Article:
Avoid These Travel Faux Pas

Jan 11, 2016
For most, traveling abroad is an opportunity to create relationships and open your mind to new experiences and ideas. No tourist wants to be stamped an “Ugly American” while filling their passport, but certain habits from home can offend locals in foreign countries.

Saying or doing the wrong thing can not only hurt your host, some may derail your trip. Travelzoo Deal Experts share memorable travel faux pas in the hopes of helping our members avoid similar mistakes on vacation.

Cover up

Catholic cathedrals and basilicas throughout Italy and Vatican City enforce a strict dress code for all visitors. On my last trip to Milan, I was denied entry to the Duomo because my skirt, pictured to the right, was too short. (Prada's flagship store, however, did not object to my fashion choices.) To avoid being turned away from houses of worship, wear clothing that covers the shoulders and skirts and dresses that go past the knee and cover midriffs. Jeans are allowed. Summer visitors should carry a shawl to cover sleeveless tops.

Prices at Italian hotels are stripped down into Spring.

In Muslim countries, showing skin – especially by women – is extremely offensive. Don’t plan on topless sunbathing in Dubai and pack light layers to stay cool but covered on desert getaways in Morocco and Egypt.

Find everyday discounts at Dubai hotels that are anything but conservative.

Watch your hands

Cool kids throw up two fingers signifying “peace out” to their friends here in the U.S., but trying the same with your chaps in the UK and you could find yourself in a street fight.

Brilliant deals abound at Britain's top hotels.

Americans don’t realize extending the pointer finger into a reversed peace sign has the same meaning across the pond as a middle finger on its own.

Many cultures around the globe consider it rude to point with the index finger, especially at someone.

In Japan, gesturing with an open palm is a polite alternative while people in the Philippines and Colombia prefer to purse their lips in the direction of the referenced person.

Say sayonara to overpriced rooms with deals all over Japan.

Cheers! Salud! Gëzuar! Prost!

Sean Pavone / Shutterstock.com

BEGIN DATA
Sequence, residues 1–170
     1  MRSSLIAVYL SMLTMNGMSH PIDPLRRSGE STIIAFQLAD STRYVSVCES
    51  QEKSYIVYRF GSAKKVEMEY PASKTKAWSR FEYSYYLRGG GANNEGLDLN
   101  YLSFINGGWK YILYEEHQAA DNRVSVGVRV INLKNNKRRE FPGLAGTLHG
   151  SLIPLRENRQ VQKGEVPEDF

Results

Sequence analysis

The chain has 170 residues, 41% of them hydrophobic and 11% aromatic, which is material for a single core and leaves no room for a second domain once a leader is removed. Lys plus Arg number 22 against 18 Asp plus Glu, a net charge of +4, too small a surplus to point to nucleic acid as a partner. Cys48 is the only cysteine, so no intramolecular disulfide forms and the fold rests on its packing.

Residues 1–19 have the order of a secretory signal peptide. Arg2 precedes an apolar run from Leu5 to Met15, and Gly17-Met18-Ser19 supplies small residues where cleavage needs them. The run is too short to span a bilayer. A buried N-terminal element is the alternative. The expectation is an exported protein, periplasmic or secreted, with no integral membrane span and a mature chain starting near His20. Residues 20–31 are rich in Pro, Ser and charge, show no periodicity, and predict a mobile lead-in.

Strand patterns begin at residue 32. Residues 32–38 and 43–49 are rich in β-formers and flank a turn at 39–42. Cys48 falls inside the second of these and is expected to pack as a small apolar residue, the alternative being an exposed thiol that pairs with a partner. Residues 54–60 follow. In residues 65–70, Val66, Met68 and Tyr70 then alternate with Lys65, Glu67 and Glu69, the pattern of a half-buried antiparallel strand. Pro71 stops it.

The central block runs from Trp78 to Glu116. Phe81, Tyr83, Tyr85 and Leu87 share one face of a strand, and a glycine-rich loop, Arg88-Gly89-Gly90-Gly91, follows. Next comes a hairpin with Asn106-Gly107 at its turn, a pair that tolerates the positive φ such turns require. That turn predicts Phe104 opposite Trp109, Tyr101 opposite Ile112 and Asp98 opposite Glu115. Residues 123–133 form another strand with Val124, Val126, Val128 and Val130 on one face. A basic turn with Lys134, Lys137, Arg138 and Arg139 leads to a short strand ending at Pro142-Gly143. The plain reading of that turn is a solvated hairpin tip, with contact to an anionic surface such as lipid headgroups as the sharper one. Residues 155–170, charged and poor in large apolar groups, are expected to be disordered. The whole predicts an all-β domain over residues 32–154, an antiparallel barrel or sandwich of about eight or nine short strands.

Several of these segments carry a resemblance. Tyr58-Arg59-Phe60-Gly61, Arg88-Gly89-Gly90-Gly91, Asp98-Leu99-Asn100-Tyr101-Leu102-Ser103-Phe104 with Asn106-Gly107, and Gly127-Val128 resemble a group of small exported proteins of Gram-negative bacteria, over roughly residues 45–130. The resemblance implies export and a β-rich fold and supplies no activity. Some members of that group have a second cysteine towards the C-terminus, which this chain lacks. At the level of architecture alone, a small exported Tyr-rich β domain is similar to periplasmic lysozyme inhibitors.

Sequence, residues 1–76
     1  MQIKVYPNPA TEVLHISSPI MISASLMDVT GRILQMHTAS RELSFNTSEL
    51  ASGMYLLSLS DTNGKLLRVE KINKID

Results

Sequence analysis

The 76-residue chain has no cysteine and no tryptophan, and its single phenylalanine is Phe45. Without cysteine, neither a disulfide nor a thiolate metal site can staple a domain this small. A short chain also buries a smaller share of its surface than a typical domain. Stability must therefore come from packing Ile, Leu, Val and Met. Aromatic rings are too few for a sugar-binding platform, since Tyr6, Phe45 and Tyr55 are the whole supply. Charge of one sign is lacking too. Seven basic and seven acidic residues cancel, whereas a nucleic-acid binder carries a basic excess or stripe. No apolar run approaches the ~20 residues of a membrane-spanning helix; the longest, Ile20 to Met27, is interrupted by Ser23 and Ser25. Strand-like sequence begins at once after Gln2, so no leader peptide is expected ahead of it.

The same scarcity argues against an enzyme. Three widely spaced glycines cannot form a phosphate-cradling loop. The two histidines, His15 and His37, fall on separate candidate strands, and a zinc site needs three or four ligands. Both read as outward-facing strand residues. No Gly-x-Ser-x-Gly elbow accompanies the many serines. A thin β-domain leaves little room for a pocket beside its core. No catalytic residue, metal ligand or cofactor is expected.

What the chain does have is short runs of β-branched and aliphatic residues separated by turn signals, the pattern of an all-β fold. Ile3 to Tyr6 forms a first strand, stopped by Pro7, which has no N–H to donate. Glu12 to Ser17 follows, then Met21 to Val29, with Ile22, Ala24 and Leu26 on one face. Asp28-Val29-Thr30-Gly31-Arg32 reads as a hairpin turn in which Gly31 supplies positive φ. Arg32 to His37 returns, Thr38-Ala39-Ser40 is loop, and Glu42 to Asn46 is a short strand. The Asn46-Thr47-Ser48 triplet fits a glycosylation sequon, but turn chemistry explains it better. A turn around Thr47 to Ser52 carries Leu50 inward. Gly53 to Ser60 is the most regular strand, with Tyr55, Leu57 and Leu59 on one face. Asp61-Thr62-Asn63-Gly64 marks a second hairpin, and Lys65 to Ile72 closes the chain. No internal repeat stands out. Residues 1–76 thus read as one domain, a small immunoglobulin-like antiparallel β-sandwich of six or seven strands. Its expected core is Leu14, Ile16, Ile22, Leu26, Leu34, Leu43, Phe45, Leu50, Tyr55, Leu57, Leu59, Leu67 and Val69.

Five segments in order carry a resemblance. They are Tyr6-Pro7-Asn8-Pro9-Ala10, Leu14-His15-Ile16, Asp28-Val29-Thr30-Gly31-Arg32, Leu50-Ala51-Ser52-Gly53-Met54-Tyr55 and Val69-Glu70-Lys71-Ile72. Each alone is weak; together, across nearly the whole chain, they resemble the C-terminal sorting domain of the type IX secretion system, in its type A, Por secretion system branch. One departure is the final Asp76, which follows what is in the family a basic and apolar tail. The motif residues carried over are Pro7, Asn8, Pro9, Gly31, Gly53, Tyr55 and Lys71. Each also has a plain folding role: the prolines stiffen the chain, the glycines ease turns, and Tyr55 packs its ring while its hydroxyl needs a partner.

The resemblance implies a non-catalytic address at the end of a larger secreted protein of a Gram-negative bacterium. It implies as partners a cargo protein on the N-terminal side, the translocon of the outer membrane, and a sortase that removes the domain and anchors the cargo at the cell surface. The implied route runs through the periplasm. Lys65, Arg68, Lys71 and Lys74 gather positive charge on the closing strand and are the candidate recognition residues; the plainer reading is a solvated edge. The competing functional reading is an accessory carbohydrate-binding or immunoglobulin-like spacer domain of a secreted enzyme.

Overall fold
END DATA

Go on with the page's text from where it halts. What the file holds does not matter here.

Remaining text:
When in Russia, say “da” to another shot of vodka -- turning down a drink is on par with refusing to shake someone’s hand. Georgian meals are littered with lengthy toasts as the former Soviet nation takes great honor in welcoming guests, especially from another country. Keep glasses raised until the tribute is over, sipping during the speech is rude.

Germans may be world famous for their alcohol tolerance, but being visibly intoxicated is verboten so load up on sauerkraut and sausages to balance out the beer.

Grab a stein and toast to discounted stays throughout Germany.

Unlike Germany, it’s completely acceptable to get sloshed in Korea … as long as you’re among friends. It’s taboo to pour one’s own drink, and party-goers make sure to fill the cups of elders first. The same respectful custom is appropriate in Japan where the gesture shows generosity and companionship among drinking buddies.

Don’t Chew It!


Bubblegum was outlawed in Singapore in 1992 after vandals caused repeated maintenance issues throughout the country by trashing sidewalks, sealing keyholes and even disrupting the public transit by jamming subway doors with wads of the adhesive treat. Under this law, it is also against illegal to bring gum into the country, even on accident. The crime is punishable by a fine of up to $3000, and pharmacists caught selling the illicit treat face up to two years in jail.

Snap up sweet savings at Singapore hotels.

Non-Muslims in Saudi Arabia are given a warning for the first time offense of eating in public during the Holy Month of Ramadan, but Muslims who commit the same crime face zero tolerance. The penalty of flouting the law while others fast is a $500 fine and possible jail time.

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